Book addresses a 'polarizing' debate
Montgomery College librarian examines lives of two explorers
By KAREN GARDNER
The (Frederick) News-Post
MONROVIA - Robert Bryce doesn't think he has
accomplishment of Admiral Robert E. Peary, long recognized as the first
explorer to reach the North Pole.
"Geographers have been edging away from Peary's claim
Bryce said, while another explorer, Dr. Frederick A. Cook, has gotten
attention from historians.
But Bryce's book, "Cook & Peary: The Polar
examines the claims of both early 20th-century explorers and comes to
almost-unheard of conclusion that neither man made it to the pole.
Bryce, 50, is a librarian at Montgomery College who
with his wife and two sons. His book on Cook and Peary is his first.
To finish it, he worked late evenings and weekends over
eight years and took a five-month sabbatical.
Then to his surprise, Stackpole Books, a historical
in Pennsylvania, bought the book. Since its publication, it has already
received notice in major newspapers, including the New York Times and
Bryce wrote "Cook & Peary" using a voluminous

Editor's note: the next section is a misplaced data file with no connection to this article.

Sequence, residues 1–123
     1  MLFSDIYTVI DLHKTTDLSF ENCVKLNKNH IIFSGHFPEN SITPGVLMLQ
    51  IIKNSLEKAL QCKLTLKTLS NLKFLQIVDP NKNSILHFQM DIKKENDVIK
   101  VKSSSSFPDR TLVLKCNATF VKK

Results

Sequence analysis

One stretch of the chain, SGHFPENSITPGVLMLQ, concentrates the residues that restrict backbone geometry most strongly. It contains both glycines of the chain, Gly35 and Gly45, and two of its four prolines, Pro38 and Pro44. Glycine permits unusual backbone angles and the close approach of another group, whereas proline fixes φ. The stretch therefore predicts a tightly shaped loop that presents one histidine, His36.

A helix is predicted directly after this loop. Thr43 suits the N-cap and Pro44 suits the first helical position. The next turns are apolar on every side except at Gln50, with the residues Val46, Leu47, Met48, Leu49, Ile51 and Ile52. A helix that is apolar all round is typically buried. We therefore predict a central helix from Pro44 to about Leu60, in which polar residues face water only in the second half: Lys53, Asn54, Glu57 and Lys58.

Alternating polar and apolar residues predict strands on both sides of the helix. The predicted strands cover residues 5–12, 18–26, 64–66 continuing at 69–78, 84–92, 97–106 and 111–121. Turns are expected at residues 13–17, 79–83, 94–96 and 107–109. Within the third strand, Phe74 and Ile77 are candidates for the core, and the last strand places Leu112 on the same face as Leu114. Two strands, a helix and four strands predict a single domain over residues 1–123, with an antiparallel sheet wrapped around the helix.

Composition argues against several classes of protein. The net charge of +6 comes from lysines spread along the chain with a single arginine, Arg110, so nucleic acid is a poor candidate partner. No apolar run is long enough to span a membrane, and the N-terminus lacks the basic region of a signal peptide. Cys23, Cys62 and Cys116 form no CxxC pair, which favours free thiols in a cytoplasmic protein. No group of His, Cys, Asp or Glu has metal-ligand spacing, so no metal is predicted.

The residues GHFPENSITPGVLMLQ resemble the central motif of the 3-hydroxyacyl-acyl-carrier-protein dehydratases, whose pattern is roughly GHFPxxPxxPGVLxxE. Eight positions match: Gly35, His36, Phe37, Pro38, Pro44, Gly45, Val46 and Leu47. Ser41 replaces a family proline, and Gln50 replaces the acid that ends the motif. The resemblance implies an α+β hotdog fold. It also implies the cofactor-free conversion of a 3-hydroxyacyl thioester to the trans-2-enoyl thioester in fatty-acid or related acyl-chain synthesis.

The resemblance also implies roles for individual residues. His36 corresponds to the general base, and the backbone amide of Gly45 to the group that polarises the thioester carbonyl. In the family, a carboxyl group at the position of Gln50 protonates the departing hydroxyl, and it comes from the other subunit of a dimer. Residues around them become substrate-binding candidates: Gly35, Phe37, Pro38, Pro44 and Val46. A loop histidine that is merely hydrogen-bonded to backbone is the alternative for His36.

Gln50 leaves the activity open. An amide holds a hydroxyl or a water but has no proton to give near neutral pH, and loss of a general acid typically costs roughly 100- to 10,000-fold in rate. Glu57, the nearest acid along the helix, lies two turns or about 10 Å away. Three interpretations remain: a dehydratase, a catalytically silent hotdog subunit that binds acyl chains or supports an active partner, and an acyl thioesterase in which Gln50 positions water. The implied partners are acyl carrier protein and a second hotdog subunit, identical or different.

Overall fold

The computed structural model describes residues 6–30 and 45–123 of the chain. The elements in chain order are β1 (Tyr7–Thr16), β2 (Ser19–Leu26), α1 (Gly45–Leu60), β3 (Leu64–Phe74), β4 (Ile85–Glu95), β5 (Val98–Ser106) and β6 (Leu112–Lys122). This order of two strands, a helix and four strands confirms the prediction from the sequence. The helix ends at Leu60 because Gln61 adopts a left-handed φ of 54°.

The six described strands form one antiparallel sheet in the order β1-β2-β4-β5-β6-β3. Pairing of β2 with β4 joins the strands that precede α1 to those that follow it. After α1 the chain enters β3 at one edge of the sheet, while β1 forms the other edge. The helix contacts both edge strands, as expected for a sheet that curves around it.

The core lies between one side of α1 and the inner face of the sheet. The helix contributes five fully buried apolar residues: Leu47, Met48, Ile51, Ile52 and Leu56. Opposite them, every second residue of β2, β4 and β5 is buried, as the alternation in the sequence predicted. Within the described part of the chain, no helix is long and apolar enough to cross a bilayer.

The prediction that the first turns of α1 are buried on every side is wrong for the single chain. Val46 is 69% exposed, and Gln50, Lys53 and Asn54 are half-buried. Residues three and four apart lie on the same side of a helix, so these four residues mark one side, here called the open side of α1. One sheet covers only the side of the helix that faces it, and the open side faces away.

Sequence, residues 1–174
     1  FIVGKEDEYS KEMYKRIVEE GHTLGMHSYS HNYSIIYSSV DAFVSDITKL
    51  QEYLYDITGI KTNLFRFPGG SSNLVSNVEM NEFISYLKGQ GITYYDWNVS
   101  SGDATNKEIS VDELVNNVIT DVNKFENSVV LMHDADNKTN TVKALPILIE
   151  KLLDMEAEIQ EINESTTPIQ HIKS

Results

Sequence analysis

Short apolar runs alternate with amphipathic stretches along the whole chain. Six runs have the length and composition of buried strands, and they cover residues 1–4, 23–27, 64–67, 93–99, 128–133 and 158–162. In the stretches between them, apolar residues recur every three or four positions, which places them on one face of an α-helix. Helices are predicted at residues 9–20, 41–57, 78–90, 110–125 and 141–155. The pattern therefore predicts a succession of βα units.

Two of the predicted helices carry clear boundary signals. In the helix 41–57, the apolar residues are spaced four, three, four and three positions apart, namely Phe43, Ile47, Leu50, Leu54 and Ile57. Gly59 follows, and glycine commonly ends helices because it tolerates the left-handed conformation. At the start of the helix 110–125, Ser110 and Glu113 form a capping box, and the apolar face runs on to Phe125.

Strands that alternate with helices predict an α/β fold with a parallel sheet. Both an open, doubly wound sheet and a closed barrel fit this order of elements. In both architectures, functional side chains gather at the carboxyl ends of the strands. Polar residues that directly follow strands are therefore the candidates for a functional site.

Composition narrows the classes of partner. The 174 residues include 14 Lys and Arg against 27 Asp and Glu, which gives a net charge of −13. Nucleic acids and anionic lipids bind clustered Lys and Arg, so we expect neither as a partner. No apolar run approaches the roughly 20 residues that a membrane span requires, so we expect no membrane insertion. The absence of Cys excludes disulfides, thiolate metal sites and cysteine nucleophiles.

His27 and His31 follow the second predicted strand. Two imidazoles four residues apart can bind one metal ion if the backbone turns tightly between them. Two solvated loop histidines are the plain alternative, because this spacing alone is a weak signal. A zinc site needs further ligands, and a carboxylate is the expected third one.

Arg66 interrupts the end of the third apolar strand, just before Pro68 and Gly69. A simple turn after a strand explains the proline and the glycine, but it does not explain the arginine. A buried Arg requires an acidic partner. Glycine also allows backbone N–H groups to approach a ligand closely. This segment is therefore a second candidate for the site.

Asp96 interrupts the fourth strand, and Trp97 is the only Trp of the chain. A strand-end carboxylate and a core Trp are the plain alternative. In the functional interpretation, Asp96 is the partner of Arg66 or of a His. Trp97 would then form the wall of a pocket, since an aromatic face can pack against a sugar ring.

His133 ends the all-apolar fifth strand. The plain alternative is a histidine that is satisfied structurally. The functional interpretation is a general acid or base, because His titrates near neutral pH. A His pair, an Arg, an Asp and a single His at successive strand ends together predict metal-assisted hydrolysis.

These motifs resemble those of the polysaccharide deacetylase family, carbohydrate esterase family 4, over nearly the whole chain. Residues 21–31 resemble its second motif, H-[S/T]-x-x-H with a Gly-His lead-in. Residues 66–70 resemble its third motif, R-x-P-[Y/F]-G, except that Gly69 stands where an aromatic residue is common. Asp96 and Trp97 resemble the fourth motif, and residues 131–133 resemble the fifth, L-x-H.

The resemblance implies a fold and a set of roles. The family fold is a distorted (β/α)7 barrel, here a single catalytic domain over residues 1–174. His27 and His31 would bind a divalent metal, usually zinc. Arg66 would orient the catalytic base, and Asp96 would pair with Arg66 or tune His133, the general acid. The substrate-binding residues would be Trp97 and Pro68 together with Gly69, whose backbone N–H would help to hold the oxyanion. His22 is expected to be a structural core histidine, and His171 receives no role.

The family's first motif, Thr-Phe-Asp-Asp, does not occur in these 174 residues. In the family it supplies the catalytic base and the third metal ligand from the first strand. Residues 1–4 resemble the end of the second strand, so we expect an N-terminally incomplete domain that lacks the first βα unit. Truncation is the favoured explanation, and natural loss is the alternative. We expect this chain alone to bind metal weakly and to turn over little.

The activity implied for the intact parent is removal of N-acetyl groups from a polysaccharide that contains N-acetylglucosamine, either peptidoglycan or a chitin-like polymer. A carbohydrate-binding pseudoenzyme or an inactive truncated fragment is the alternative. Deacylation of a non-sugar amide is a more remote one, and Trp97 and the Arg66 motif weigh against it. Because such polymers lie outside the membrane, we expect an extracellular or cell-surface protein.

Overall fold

and eyewitness accounts of Cook's and Peary's separate 1908 and 1909
to reach the poles. In 1,000-plus pages, Bryce examines the goals and
of the two men, and probes the inner forces that drove each.
"Cook & Peary" got its start when Bryce read a
about the polar
explorations. He became fascinated with explorers, whose tales stood in
contrast to his own bookish life.
The book, "Weird and Tragic Shores," by Chauncey Loomis,
death of Arctic explorer Charles Francis Hall.
"It made me depressed, but fascinated," he said. "This
He wanted to delve into the dreamer qualities of Cook
Explorers, like athletes, are usually not seeking
Rather, they're seeking to surpass a barrier that often exists only in
the mind, Bryce said.
"Peary wanted world fame and was casting about for this
of life led him to Greenland," Bryce said. "He saw himself as the hero
in a great saga by being able to vanquish nature to show one man could
Cook wanted to prove himself superior to his peers by
no one else had ever done, Bryce said.
"He saw it as a spiritual and physical test," he said.
great self confidence that he could do things others couldn't do."
Peary and Cook met on Peary's first expedition to
hired Cook as his surgeon. After that, their lives were inextricably
After the polar expeditions, they spent much of their lives trying to
Bryce has no illusions his book will settle the matter.
To the public, Cook seemed an honest person, until Peary
him. But a tiny minority kept up a belief in Cook, and that belief
to this day.
A member of the Cook Society was recently quoted in the
saying the Society doubts Bryce's conclusion.
"It tells you something about the way people deal with
and how we interact with life," Bryce said. "Truth is very elusive.
found there's nothing that is absolute truth."